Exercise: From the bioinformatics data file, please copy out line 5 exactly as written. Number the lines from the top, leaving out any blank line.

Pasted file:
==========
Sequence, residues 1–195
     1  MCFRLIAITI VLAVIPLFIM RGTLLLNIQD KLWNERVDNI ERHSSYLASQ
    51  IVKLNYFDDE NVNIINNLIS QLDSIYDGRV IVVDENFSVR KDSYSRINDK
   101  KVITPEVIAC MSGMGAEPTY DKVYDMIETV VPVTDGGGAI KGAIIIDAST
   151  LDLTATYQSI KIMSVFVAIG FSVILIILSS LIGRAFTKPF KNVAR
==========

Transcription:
   151  LDLTATYQSI KIMSVFVAIG FSVILIILSS LIGRAFTKPF KNVAR